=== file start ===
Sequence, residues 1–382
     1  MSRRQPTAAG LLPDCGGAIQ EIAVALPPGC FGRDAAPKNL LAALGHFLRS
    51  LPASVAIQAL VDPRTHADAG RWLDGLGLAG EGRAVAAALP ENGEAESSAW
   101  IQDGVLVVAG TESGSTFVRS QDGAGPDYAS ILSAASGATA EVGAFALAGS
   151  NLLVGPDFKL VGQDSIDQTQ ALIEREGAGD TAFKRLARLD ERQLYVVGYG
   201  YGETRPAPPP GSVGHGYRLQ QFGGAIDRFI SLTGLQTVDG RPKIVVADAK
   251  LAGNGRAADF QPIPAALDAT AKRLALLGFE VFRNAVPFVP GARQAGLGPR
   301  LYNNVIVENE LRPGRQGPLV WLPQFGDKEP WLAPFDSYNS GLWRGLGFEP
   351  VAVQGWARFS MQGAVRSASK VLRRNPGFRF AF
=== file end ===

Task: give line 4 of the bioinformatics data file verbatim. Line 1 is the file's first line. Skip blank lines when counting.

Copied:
   101  IQDGVLVVAG TESGSTFVRS QDGAGPDYAS ILSAASGATA EVGAFALAGS